Menu
Home
Log in / Register
 
Home arrow Law arrow Principles and practice in EU sports law
Source

The Amsterdam Declaration

The Amsterdam Treaty entered into force in 1999. It is an amending Treaty: it amends the founding Treaties of the EU. Its primary preoccupations were rather technical and addressed detailed matters of institutional design. Sport was certainly on the distant outer margins of the political negotiation on the text and garnered little attention or visibility. However, homing in on the particular matter of sport, the negotiation of the Amsterdam Treaty was informed by the delivery of the Bosman ruling in 1995. Any hint that the Treaty might be revised to allow sport to escape the consequences of Bosman lacked political momentum.[1] [2] What instead emerged from the political negotiation was the so-called Amsterdam Declaration on Sport—to be more precise, a Declaration on Sport annexed to the Treaty of Amsterdam. It was short:

The Conference emphasises the social significance of sport, in particular its role in forging identity and bringing people together. The Conference therefore calls on the bodies of the European Union to listen to sports associations when important questions affecting sport are at issue. In this connection, special consideration should be given to the particular characteristics of amateur sport.

In legal terms, a Declaration is not binding. Its significance is predominantly political. Weighing in at just fifty-eight words, the Declaration displays the virtue of brevity, but it scores less well on clarity. Sport has ‘social significance’, but precisely what this entails is left unspecified, save for embrace of the vague but cheerfully expressed notions of ‘forging identity and bringing people together’. The Declaration calls for the bodies of the EU to ‘listen’ to sports associations—but it is what they do that really counts. And the Declaration helpfully suggests that amateur sport is different from other forms, but offers no fuller articulation of what might be at stake in such differences nor what are or should be their implications.

The Amsterdam Declaration is not helpful at the level of detail. However, it vividly reveals the surrounding political sensitivity. It in no way subverts Bosman. It falls spectacularly far short of the absolute exclusion from EU law for which governing bodies in sport would earnestly wish, and which would have been the very pinnacle of strategic success in protecting their autonomy. There was not the political will to support such a plea. Nor is the Declaration in even the faintest sense a grant of legislative competence to the EU. The Declaration is soft in effect, intent, and tone. It is scarcely any more than a recognition of the tension between the reach of EU law and the sporting thirst for autonomy. It does not even begin to provide any resolution of that tension.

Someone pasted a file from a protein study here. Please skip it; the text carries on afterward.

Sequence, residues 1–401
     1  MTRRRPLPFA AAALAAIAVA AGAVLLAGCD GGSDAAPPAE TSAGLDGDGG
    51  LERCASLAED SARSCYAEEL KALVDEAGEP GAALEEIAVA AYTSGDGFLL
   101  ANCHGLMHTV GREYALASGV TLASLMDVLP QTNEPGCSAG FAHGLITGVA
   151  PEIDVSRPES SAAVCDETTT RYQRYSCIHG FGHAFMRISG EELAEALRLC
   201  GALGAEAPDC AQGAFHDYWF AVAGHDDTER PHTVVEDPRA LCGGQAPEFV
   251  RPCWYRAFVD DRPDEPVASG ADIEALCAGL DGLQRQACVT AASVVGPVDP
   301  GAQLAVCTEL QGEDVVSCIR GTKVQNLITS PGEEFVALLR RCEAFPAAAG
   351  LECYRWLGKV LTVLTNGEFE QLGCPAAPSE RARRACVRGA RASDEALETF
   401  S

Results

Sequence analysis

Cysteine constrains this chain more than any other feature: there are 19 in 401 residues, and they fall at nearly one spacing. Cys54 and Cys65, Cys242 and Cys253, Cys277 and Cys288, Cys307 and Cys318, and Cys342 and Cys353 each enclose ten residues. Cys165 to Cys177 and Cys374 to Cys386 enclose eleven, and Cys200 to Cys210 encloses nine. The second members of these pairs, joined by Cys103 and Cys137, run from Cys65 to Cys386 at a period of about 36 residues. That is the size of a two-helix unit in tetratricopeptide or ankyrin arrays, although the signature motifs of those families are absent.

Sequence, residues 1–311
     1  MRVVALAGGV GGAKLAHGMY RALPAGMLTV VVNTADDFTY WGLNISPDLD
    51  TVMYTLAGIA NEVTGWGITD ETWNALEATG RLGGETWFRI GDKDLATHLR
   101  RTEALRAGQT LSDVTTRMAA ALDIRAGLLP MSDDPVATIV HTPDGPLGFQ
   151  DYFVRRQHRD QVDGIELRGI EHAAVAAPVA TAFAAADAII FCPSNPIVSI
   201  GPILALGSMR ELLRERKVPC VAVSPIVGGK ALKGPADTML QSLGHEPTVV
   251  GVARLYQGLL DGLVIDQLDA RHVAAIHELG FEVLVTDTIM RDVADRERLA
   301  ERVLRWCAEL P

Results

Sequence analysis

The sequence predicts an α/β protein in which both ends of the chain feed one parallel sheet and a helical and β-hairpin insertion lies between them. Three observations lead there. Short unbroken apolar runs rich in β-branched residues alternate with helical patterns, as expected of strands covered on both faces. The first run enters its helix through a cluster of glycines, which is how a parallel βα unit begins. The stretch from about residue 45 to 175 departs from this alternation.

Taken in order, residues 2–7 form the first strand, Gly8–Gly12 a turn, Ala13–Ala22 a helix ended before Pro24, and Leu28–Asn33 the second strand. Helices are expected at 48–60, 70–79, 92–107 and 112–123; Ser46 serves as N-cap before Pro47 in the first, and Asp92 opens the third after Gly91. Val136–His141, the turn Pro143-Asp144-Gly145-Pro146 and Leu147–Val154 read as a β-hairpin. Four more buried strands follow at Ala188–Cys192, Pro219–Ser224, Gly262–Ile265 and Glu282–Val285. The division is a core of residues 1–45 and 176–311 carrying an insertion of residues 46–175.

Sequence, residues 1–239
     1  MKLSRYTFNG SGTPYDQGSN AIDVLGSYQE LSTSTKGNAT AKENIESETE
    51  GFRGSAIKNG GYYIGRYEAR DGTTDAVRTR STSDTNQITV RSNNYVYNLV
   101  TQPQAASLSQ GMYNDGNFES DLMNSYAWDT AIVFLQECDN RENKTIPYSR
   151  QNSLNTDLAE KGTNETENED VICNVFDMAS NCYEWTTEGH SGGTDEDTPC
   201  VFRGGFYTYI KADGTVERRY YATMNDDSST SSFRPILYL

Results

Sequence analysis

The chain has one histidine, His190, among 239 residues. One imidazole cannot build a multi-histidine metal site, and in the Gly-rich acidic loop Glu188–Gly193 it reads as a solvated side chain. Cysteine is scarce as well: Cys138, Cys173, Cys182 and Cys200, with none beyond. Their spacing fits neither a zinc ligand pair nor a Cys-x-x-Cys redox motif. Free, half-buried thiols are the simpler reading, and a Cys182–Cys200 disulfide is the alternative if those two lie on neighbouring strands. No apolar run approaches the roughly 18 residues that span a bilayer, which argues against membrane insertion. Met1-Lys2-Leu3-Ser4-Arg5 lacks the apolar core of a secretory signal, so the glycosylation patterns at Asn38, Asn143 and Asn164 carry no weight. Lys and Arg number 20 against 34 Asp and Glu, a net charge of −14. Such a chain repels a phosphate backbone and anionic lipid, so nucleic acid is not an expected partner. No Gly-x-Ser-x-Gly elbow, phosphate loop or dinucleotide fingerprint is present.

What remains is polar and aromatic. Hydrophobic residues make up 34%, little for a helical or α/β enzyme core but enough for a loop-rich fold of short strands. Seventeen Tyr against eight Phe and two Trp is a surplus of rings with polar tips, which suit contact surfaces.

The Declaration, though not legally binding, is capable of providing guidance in j udicial decision-making and in broader policy articulation. The Court acted accordingly. In both Delieges and in Lehtonen[3] it referred to the Amsterdam Declaration. However, it simply treated the Declaration as a confirmation of its own case law, not as a basis to call it into question. Given the anodyne terms of the Declaration, the Court’s approach was entirely understandable. From the perspective of the quest for sporting autonomy, this served only to highlight that the Amsterdam Declaration had done nothing to nudge EU law into a more generous place. The Declaration was attributed no transformative effect. But the Declaration’s embrace of the ‘social significance of sport’ also reflected the notion that sport is to some extent special, though this too was not transformative. In Bosman itself the Court had, after all, already acknowledged ‘the considerable social importance of sporting activities’.[4] [5]

  • [1] cf M Fernandez Salas, ‘De la possibilite de renverser l’arret Bosman par une modification du Traite.Perspectives juridiques’ [1996] RMUE 155.
  • [2] Cases C-51/96 and C-191/97 Deliege v Ligue de Judo [2000] ECR I-2549, paras 41—42.
  • [3] Case C-176/96 Jyri Lehtonen and Castors Canada Dry Namur-Braine ASBL v Federation royalebelge des societes de basket-ball ASBL (FRBSB) [2000] ECR I-2681, paras 32—33.
  • [4] Bosman (n 2) para 106.
  • [5] The full text of the Nice Declaration is at accessed 29 November 2016.
 
Source
Found a mistake? Please highlight the word and press Shift + Enter  
< Prev   CONTENTS   Next >
 
Subjects
Accounting
Business & Finance
Communication
Computer Science
Economics
Education
Engineering
Environment
Geography
Health
History
Language & Literature
Law
Management
Marketing
Mathematics
Political science
Philosophy
Psychology
Religion
Sociology
Travel